Department staff also explained that what East Resources refers to as the Fulmer Valley sands may actually be three separate formations: the Penny sands, the Fulmer Valley sands, and the Nunda or Sea Level sands. Staff questioned whether East Resources separately tested each of these three formations and, if so, established whether each formation is separately capable of producing oil and gas. If so, staff indicated that separate GORs and well construction requirements might be required, and that the separate formations should not be commingled within a single GOR.
In addition, Department staff suggested that if the Field or any of the three formations are actually being developed, or are capable of being developed, as a natural gas field, different well spacing requirements would apply and potentially different mineral interests would be impacted.
In response, East Resources indicated that it had no interest in wasting the resource, and that it would work with Department staff to develop a testing protocol that would answer staff's questions. Accordingly, it was agreed that after consultation with Department staff, East Resources would submit a proposed testing protocol to staff for approval. Once approved, East Resources would then conduct the test and provide the results to the parties to this proceeding. After the results were made available, it was agreed that the parties would reconvene to discuss whether any further adjudicatory proceedings are required.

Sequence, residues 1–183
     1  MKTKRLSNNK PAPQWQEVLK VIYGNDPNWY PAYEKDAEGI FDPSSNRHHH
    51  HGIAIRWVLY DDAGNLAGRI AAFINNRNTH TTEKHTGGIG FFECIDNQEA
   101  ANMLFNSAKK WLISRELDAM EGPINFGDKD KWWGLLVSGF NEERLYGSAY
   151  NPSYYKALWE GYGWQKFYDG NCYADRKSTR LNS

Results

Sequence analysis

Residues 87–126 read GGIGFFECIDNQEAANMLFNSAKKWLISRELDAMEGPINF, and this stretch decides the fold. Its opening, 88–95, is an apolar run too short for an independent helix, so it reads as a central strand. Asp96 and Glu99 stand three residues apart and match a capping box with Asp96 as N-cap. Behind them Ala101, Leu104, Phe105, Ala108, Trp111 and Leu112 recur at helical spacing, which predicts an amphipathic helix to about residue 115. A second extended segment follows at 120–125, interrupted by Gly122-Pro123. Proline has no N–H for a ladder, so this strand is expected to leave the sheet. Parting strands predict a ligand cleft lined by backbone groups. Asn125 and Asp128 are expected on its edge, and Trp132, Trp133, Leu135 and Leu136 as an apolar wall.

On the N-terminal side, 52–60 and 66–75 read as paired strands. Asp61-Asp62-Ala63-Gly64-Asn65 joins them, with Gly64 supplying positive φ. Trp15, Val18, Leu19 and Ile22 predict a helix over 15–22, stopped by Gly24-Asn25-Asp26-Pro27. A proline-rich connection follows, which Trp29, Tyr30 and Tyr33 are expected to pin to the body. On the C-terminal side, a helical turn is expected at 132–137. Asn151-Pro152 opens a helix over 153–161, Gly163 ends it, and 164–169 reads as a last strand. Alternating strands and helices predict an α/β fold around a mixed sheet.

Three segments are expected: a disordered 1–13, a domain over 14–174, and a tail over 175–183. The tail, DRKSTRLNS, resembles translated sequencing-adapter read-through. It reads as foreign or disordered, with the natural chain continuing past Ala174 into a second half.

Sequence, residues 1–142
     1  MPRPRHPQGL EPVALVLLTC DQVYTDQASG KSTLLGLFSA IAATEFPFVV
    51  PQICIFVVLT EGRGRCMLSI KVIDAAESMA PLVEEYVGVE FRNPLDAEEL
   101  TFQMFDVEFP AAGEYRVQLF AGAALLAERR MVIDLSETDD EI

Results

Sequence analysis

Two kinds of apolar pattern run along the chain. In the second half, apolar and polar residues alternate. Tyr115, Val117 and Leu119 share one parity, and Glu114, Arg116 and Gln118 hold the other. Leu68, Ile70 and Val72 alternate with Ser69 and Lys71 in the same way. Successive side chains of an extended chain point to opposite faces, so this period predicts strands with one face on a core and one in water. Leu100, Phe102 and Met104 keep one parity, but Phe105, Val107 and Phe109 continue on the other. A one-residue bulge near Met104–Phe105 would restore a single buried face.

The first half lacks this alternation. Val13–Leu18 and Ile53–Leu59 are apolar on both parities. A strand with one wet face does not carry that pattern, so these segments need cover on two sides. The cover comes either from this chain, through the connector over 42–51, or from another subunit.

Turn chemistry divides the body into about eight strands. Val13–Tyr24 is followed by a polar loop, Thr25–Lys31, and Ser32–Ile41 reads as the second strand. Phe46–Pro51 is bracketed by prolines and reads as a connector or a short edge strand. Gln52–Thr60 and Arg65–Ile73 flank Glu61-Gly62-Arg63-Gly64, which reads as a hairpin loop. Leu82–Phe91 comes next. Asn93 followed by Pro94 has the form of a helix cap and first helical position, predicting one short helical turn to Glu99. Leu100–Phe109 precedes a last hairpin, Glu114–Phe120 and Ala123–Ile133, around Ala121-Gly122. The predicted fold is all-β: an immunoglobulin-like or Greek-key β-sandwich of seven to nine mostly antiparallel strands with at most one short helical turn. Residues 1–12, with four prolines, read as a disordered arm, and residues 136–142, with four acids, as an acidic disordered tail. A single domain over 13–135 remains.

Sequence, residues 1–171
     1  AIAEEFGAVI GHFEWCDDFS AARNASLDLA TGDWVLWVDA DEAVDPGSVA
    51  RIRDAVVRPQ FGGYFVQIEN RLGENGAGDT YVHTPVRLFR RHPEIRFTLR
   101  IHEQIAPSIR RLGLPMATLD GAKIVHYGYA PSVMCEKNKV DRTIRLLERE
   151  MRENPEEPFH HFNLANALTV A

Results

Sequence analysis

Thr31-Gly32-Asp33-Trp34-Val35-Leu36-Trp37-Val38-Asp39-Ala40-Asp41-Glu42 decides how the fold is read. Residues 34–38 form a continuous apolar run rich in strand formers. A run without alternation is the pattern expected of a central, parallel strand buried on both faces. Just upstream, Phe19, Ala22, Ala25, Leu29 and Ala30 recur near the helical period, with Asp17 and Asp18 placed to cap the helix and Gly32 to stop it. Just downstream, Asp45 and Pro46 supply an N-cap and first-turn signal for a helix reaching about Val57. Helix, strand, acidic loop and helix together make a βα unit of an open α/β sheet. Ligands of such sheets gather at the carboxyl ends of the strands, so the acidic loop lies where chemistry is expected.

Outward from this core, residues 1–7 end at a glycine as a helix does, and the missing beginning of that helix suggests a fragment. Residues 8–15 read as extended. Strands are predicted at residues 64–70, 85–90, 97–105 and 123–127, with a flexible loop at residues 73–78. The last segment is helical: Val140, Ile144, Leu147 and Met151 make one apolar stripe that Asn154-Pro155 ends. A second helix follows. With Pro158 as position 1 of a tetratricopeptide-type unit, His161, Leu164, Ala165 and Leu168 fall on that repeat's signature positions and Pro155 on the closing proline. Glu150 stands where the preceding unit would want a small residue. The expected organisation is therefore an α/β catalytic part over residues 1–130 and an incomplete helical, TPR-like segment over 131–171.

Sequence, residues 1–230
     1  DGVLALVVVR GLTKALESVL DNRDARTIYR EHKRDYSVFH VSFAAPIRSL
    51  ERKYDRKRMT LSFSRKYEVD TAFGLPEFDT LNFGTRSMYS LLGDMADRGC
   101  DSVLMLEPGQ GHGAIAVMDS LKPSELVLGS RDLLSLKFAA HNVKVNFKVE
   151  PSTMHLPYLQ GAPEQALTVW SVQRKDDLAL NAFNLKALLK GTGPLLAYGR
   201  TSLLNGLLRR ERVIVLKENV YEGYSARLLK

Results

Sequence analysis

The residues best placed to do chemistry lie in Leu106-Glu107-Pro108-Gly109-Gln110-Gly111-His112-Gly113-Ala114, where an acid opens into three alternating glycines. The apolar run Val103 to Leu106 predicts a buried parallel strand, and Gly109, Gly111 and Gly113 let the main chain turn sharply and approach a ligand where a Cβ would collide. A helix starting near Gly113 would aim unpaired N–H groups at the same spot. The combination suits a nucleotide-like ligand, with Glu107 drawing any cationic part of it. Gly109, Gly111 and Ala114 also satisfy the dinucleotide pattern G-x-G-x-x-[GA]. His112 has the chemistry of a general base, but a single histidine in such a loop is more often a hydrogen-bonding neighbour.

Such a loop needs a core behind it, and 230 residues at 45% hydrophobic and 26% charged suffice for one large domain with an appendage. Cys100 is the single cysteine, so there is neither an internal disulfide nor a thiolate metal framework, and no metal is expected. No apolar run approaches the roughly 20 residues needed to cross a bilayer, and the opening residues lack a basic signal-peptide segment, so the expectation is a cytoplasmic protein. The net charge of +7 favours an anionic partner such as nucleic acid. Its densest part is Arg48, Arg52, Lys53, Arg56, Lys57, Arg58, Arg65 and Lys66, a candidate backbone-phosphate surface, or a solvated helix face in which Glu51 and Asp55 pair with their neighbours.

After the issues conference, East Resources and Department staff conferred on the test protocol. On September 16, 2008, East Resources submitted its Whiteville Field GOR Test Procedure, which staff approved by letter dated October 6, 2008. East Resources conducted the test in November 2008, and transmitted the results by email dated November 26, 2008 (see IC Exh 11, attachment).